August 19, 2017

The Inherent Advantage in Trump’s Outsider Status

I think it could be said that Hillary Clinton and Donald Trump are incredibly lucky to be running against each other. Both of them are deeply unpopular candidates among the general public. Neither Hillary nor Trump is viewed favorably by the majority of Americans, and seeing as both are household names, these numbers probably won’t change much. Both have considerable opposition within the ranks of their respective parties which could perhaps be grabbed up by the opposing side(#nevertrump on the right and #bernieorbust on the left).  And for both of them, the single biggest driving factor for people voting for them is to stop the other from becoming president. The real question that is relevant to the general election is what effect, if any, will crossover voting and abstaining from voting have on the election results in November.

Since Trump has been the Presumptive Nominee for longer than Hillary, we can have a bit more concrete idea of this. Now, it’s typical that when a candidate wins their primary, they get a boost in their general election polling. Even in the final weeks before the Indiana primary, there was polling showing Trump hanging by a thread in states as red as Georgia and Utah. The very fact that people were turning out to vote for Ted Cruz and John Kasich after they were mathematically eliminated from winning a majority gave credence to the idea that the #NeverTrump people were serious. But as we can see, Trump did end up getting a boost, at the same time that Clinton fell quite a bit. Trump is still behind, but given the simple fact that there are more Democrats than Republicans in America, Trump seems to have basically consolidated the party behind himself.

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So, how did Trump manage, despite being so disliked, to get Kasich and Cruz voters on board? The first and more obvious reason is that Republicans really, really hate Hillary Clinton. You could have thrown any of the 17 people who ran in the republican primary and the party would have coalesced to some extent. But didn’t a ton of high profile republicans really not want him to be the nominee? In the answer to that question is the reason that Trump got about as much of a boost as any generic republican would, and it signals some trouble on the horizon for the Clinton camp.

Of course GOP establishment types don’t love him. But he’s their guy now, whether they like it or not. Establishment Republicans are probably registered Republicans, not independents. They are, at the end of the day, party-line voters. While most GOP candidates would embrace the base and ignore certain wings that have lower turnout, Trump did the opposite. He embraced ideas that are against conservative orthodoxy such as his opposition to free trade and endless wars. While doing this to align himself more to the center than average, he also embraced some more extreme positions that are more popular among conservatives than most Republican politicians would care to admit. By embracing positions on both sides of the fringes of the Republican party, he set himself apart and set himself up to widen the base later with certain leftist positions. Once he won, all he needed was to consolidate people who were going to vote republican no matter what anyways. Somebody like Paul Ryan would hope for somebody a bit less volatile to support, and may withhold his endorsement for a while, but the idea that he would pick Hillary Clinton over Donald Trump is absurd. Perhaps he has alienated some True Conservatives, but there weren’t actually that many of them anyways, and he has much more room to grow in states like Pennsylvania than any other Republican would have.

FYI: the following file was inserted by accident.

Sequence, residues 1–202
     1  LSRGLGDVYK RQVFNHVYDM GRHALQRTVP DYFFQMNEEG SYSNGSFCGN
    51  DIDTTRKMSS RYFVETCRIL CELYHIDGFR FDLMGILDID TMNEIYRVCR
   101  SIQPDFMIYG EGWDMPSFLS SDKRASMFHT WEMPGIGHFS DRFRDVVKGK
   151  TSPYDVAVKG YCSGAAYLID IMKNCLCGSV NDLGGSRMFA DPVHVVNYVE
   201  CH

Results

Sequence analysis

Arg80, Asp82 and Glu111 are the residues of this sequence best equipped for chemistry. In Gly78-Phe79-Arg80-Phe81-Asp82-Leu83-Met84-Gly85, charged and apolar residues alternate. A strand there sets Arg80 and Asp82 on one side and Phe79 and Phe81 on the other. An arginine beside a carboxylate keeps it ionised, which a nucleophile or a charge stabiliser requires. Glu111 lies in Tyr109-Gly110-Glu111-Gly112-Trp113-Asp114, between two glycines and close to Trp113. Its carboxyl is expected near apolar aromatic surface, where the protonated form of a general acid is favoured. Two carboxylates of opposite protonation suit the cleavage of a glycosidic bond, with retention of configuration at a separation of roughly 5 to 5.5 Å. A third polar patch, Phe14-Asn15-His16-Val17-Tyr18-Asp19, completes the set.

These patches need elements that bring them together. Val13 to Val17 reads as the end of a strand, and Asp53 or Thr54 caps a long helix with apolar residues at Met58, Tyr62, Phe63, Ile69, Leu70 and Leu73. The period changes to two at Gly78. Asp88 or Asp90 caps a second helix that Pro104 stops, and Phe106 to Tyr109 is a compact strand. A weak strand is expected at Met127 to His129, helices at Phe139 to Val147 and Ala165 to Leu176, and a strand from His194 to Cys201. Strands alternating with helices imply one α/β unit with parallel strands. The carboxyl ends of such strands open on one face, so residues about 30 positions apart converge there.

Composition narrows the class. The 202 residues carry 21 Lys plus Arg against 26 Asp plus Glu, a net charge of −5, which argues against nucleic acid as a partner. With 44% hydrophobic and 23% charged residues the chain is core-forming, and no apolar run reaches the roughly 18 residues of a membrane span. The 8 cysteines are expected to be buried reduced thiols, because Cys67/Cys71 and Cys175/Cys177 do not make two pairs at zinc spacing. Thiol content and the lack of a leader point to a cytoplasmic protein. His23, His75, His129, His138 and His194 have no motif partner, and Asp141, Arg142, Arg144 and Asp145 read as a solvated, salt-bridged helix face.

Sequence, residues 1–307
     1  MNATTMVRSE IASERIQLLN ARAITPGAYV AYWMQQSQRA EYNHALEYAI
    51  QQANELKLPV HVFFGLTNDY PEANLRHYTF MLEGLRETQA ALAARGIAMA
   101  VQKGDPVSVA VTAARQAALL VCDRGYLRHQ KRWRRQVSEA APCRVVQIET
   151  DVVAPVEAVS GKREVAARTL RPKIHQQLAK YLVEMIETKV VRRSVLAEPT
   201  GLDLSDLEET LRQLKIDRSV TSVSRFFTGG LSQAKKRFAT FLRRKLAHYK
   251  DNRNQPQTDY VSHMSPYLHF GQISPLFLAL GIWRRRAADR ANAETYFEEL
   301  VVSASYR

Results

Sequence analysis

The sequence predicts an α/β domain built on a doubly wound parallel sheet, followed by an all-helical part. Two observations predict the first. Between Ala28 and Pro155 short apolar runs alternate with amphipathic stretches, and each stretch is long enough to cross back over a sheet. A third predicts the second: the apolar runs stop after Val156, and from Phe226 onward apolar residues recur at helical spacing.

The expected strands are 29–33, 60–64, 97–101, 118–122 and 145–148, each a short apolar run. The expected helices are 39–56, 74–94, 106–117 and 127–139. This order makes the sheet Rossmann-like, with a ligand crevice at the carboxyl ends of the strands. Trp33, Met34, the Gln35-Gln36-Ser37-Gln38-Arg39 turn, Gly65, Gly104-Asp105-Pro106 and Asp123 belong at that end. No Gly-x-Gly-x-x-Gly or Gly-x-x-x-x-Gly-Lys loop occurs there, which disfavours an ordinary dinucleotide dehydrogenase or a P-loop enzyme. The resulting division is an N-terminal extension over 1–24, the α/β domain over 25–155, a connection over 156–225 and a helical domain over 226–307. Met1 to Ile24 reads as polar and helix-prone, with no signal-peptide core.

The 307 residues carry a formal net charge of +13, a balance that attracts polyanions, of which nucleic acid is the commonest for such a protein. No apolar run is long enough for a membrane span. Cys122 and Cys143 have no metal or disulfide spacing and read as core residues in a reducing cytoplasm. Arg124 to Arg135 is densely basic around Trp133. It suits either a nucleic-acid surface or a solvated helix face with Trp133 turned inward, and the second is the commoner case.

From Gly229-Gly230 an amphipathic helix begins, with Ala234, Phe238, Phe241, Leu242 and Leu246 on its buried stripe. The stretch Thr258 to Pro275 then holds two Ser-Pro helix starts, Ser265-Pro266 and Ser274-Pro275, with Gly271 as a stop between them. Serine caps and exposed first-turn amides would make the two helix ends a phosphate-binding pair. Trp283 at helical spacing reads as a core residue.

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Now, on the other side, Hillary Clinton is in the exact opposite situation. Instead of starting with the outsider vote and then having the regulars show up out of habit, she has been shown to be the ultimate insider whose coalition is already composed of the most loyal Democrat voters. Almost all of the difference between Bernie and Hillary’s polling numbers against Trump comes from the fact that almost all Hillary voters would vote for Bernie if pressed, but almost a third of Bernie supporters say they would rather not vote for Clinton. Now, Bernie supporters were maybe less likely to turn out in the first place, but young voters are a large group for democrats when they do show up, and were a crucial part of the coalition that brought Barack Obama over the top in 2008. Democratic turnout in the primary is way down already from what it was in 2008, so without a high youth turnout, the democrats could have a harder time against Trump, who has excited many demographics who are less likely to vote for mainstream republicans.

As Nate Silver pointed out, Bernie supporters are disproportionately registered independents rather than democrats. It follows that there is a large number of them who are voting out of anti establishment bias rather than a genuine love for democratic socialism. If current polls of them are right, Hillary will have a hard time wrangling them all up, whereas Trump is in a great position to win over significant amounts of them.

Of course, any republican candidate would be fighting an uphill battle this election season due to demographic issues, but if Trump plays his cards right, he can crush Hillary by capitalising on her unpopularity with the people on the fringes of the democratic party.

 

 

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